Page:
# 1 Review of complex numbers

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1 1 Review of complex numbers 1.1 Complex numbers: algebra The set C of complex numbers is formed by adding a square root i of 1 to the set of real numbers: i = 1. Every complex number can be written uniquely as a + bi, where a and b are real numbers. We usually use a single letter such as z to denote the complex number a + bi. In this case a is the real part of z, written a = Re z, and b is the imaginary part of z, written b = Im z. The complex number z is real if z = Re z, or equivalently Im z = 0, and it is pure imaginary if z = (Im zi, or equivalently Re z = 0. In general a complex number is the sum of its real part and its imaginary part times i, and two complex numbers are equal if and only if they have the same real and imaginary parts. We add and multiply complex numbers in the obvious way: (a 1 + b 1 i + (a + b i = (a 1 + a + (b 1 + b i; (a 1 + b 1 i (a + b i = (a 1 a b 1 b + (a 1 b + a b 1 i. For example, ( + 3i( 5 + 4i = 7i. In this way, addition and multiplication are associative and commutative, multiplication distributes over addition, there is an additive identity 0 and additive inverses ( (a + bi = ( a + ( bi, and there is a multiplicative identity 1. Note also that Re(z 1 + z = Re z 1 + Re z, and similarly for the imaginary parts, but a corresponding statement does not hold for multiplication. Before we discuss multiplicative inverses, let us recall complex conjugation: the complex conjugate z of a complex number z = a + bi is by definition z = a bi. It is easy to see that: Re z = 1 (z + z; Im z = 1 (z z. i Thus z is real if and only if z = z and pure imaginary if and only if z = z. More importantly, we have the following formulas which can be checked by 1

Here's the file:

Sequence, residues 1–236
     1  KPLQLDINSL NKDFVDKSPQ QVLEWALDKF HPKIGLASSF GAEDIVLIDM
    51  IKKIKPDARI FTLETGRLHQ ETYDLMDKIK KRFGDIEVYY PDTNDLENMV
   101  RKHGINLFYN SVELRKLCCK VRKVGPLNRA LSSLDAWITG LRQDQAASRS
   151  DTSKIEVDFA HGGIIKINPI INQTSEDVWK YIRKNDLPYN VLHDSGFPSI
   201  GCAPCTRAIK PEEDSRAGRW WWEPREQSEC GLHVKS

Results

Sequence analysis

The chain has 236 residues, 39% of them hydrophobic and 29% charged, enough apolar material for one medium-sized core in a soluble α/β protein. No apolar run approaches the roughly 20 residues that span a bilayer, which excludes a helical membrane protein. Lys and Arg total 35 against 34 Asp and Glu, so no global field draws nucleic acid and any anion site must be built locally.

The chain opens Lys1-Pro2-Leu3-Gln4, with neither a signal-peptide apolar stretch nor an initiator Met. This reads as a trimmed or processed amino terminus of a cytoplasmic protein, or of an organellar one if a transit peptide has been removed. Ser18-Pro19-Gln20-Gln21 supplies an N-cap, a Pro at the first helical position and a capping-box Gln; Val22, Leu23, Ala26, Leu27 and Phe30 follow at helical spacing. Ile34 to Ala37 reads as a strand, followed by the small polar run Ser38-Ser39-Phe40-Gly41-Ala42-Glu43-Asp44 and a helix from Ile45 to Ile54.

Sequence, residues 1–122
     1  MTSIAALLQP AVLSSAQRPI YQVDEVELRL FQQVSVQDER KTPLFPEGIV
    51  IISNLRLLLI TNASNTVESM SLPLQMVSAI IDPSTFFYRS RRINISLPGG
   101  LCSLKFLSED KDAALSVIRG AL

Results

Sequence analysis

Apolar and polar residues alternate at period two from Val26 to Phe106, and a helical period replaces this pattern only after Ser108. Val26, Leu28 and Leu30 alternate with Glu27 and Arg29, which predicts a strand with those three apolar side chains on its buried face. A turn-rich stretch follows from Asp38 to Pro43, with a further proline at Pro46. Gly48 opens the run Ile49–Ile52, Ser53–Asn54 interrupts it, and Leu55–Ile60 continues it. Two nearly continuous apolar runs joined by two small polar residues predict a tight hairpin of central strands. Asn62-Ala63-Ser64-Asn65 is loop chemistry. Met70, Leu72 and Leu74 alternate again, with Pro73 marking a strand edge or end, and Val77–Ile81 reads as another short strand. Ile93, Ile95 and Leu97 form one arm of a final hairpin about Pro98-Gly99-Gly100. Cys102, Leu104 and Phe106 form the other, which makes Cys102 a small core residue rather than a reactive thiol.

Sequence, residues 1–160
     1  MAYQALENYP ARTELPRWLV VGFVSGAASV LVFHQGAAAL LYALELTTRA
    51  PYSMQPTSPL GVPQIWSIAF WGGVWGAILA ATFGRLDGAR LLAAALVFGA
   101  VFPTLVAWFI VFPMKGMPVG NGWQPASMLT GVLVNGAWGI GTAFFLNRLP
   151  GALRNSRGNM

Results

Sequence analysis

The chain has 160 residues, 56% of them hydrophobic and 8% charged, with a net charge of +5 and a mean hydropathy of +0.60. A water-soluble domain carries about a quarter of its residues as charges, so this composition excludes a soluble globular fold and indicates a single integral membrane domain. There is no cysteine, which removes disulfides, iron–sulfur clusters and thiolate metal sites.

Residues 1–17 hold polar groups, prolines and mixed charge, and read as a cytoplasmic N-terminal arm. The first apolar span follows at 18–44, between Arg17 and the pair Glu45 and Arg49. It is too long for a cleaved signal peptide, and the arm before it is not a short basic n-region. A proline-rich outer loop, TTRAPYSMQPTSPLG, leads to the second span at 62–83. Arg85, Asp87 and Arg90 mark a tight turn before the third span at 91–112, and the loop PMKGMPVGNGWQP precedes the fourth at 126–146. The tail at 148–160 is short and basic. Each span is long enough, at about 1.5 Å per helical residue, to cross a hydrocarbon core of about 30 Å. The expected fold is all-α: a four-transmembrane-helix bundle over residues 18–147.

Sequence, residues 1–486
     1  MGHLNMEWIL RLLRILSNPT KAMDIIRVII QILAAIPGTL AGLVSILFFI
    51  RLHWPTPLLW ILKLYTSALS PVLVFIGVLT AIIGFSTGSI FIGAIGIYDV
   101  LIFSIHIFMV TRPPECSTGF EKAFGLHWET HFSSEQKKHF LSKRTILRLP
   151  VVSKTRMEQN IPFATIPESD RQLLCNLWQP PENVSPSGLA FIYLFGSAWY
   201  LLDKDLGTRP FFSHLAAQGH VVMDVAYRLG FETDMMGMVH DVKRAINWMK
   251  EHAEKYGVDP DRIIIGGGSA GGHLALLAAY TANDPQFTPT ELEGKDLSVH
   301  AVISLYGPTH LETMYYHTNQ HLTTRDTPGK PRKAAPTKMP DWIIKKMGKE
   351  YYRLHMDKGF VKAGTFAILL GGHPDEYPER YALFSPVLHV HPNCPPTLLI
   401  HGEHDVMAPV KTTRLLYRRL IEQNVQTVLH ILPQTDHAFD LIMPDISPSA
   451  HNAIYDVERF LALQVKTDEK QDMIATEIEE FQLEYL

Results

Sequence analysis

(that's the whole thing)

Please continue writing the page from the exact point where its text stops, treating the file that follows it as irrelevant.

2 direct calculation: z 1 + z = z 1 + z ; z 1 z = z 1 z ; z n = ( z n ; z = z; z z = a + b, where in the last line z = a + bi. Thus, z z 0, and z z = 0 if and only if z = 0. We set z = z z = a + b, the absolute value, length or modulus of z.for example, + i = 5. Note that, for all z 1, z C, z 1 z = z 1 z 1 z z = z 1 z z 1 z = (z 1 z (z 1 z = z 1 z, and hence z 1 z = z 1 z. The link between the absolute value and addition is somewhat weaker; there is only the triangle inequality z 1 + z z 1 + z. If z 0, then z has a multiplicative inverse: z 1 = z z. In terms of real and imaginary parts, this is the familiar procedure of dividing one complex number into another by rationalizing the denominator: if at least one of c, d is nonzero, then a + bi c + di = ( a + bi c + di ( c di c di = (a + bi(c di c + d. Thus it is possible to divide by any nonzero complex number. For example, to express ( + i/(3 i in the form a + bi, we write ( ( + i + i 3 + i 3 i = ( + i(3 + i = 3 i 3 + i 3 + = 4 + 7i = i. If z 0, then z n is defined for every integer n, including the case n < 0, and the formula z n = ( z n still holds.